Travelers’ accessories

By Brooks Goddard
This item appears on page 46 of the May 2018 issue.
This is subscriber only post.
Get one year of online-only access — only $15!
Below is a sample of the article.
Please login or subscribe to ITN to read the entire post.

If you would like to read an issue from the archives that is free to nonsubscribers click here.

On a recent trip to India, I used to advantage the Simran SM-60 power strip and a 4-pack of Orei 2-in-1 USA-to-India adapter plugs (Type D), priced at $11.44 on Amazon.com. The Simran strip is indispensable and allows for the use of multiple devices, one of which, for me, is a CPAP machine.

While in India, I acquired a conversion plug by MX that I later found available on Amazon India (www.amazon.in). It was priced at INR297 (near $4.60). India is trying to standardize 3-point plugs, but there are various odd configurations of the three points, so I suggest you carry different versions.

On this trip, I also used a Hoodie­Pillow® on the plane and the train. The inflatable collar keeps my head comfortably erect, while the Hoodie gives me protection from light. This is available for $29.95 from the company’s website (www.hoodiepillow.com).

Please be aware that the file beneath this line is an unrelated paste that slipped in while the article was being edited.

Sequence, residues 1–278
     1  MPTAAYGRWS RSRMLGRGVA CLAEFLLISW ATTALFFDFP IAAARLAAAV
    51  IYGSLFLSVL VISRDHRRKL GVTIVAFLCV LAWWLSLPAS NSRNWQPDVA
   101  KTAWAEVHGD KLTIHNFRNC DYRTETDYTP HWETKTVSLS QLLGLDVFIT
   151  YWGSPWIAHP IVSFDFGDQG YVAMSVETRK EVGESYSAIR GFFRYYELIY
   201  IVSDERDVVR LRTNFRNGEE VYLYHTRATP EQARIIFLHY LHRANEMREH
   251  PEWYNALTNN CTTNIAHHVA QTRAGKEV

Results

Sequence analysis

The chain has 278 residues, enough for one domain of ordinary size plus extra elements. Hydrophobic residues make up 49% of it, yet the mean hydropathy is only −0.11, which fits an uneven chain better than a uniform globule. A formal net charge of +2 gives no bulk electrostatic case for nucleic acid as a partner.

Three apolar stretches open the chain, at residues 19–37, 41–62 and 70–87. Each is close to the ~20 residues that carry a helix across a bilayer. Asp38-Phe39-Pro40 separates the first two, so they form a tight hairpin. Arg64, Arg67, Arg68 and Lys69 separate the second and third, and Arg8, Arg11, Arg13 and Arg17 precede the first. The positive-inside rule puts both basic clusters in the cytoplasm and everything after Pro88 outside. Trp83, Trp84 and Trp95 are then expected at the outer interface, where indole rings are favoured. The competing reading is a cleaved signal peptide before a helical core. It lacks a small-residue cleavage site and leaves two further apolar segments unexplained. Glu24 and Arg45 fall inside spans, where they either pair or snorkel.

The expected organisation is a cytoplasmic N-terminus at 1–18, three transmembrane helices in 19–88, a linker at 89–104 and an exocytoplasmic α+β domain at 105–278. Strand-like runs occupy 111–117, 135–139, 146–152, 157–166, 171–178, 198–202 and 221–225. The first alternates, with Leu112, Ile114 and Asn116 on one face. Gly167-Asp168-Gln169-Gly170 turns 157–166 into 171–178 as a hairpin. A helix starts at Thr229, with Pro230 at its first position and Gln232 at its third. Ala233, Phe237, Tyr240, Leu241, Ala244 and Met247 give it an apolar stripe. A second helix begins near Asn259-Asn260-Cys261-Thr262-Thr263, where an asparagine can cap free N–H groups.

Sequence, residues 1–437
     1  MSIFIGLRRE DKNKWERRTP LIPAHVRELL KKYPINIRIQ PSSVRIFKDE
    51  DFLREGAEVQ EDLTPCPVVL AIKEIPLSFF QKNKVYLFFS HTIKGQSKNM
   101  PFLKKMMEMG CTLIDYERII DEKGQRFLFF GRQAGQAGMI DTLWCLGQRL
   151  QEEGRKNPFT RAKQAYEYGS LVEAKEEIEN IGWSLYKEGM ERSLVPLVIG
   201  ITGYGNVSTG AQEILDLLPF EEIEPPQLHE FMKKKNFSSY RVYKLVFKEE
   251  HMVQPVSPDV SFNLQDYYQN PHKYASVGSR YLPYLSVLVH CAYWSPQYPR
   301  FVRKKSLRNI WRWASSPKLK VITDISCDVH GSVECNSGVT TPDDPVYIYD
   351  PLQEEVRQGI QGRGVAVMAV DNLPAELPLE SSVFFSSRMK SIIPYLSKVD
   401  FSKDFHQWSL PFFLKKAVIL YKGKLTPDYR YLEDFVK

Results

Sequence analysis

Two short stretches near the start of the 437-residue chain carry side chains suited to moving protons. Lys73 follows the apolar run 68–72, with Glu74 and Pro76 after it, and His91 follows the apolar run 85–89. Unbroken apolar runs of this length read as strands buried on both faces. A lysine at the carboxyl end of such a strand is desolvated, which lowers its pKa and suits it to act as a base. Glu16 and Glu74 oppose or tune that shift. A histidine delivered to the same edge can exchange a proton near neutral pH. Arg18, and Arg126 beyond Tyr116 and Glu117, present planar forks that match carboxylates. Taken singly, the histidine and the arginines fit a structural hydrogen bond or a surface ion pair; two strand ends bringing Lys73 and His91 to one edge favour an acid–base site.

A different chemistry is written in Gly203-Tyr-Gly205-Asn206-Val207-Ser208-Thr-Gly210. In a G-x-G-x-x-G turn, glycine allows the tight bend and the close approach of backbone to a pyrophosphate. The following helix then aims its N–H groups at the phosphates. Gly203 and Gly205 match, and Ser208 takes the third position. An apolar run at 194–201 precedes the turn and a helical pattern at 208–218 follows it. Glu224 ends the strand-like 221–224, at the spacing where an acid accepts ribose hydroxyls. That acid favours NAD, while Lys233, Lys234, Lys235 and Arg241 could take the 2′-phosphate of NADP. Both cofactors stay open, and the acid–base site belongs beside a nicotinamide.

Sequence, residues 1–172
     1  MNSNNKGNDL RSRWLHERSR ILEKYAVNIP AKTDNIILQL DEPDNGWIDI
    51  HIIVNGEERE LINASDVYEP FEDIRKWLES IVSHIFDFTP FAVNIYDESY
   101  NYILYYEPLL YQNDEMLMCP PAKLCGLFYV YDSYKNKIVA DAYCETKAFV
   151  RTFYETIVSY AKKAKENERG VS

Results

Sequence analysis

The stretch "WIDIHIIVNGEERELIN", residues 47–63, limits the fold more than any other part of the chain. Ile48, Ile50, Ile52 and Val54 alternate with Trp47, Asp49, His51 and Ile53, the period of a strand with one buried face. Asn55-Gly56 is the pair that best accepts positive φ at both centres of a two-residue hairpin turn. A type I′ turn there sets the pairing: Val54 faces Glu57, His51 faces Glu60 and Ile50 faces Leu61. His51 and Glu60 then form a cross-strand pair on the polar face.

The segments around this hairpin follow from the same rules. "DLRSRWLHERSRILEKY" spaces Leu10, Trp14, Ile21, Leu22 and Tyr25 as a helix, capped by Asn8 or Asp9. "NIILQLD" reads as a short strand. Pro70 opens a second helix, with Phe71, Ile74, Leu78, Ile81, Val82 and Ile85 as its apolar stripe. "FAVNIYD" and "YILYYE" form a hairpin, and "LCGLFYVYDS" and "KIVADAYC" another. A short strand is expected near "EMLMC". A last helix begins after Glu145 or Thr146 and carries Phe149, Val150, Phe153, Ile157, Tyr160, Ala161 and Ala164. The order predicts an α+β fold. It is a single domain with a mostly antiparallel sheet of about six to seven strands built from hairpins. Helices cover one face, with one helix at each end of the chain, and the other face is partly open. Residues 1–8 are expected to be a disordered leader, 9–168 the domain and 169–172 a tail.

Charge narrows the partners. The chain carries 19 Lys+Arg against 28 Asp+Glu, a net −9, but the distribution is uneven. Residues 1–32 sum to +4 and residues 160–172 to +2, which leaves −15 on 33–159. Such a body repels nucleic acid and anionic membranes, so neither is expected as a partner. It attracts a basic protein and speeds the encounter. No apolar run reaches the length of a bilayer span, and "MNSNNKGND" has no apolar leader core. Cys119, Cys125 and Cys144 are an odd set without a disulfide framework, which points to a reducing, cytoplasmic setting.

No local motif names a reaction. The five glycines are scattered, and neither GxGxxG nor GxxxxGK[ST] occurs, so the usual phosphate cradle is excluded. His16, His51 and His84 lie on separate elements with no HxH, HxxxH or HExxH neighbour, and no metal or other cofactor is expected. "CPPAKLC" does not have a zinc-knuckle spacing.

Instead of wearing a backpack, I’ve taken to using a wheeled carry-on that fits under my seat. Mine has multiple zipped sections. I got it at eBags.com. eBags has many versions of this type of luggage, ranging in cost from $37.99 to $399.99.

I gave my wife an Away suitcase, The Carry-On, which she absolutely loved ($225 at www.awaytravel.com). It’s strong and easy to use. Airlines are making users each remove the device-recharging battery from their Away bags, but the luggage is still very handy.

BROOKS GODDARD

Needham, MA

Please login or subscribe to ITN to read the entire post.

On a recent trip to India, I used to advantage the Simran SM-60 power strip and a 4-pack of Orei 2-in-1 USA-to-India adapter plugs (Type D), priced at $11.44 on Amazon.com. The Simran strip is indispensable and allows for the use of multiple devices, one of which, for me, is a CPAP machine.

While in India, I acquired a conversion plug by MX that I later found available on Amazon India (www.amazon.in). It was priced at INR297 (near $4.60). India is trying to standardize 3-point plugs, but there are various odd configurations of the three points, so I suggest you carry different versions.

On this trip, I also used a Hoodie­Pillow® on the plane and the train. The inflatable collar keeps my head comfortably erect, while the Hoodie gives me protection from light. This is available for $29.95 from the company’s website (www.hoodiepillow.com).

Instead of wearing a backpack, I’ve taken to using a wheeled carry-on that fits under my seat. Mine has multiple zipped sections. I got it at eBags.com. eBags has many versions of this type of luggage, ranging in cost from $37.99 to $399.99.

I gave my wife an Away suitcase, The Carry-On, which she absolutely loved ($225 at www.awaytravel.com). It’s strong and easy to use. Airlines are making users each remove the device-recharging battery from their Away bags, but the luggage is still very handy.

BROOKS GODDARD

Needham, MA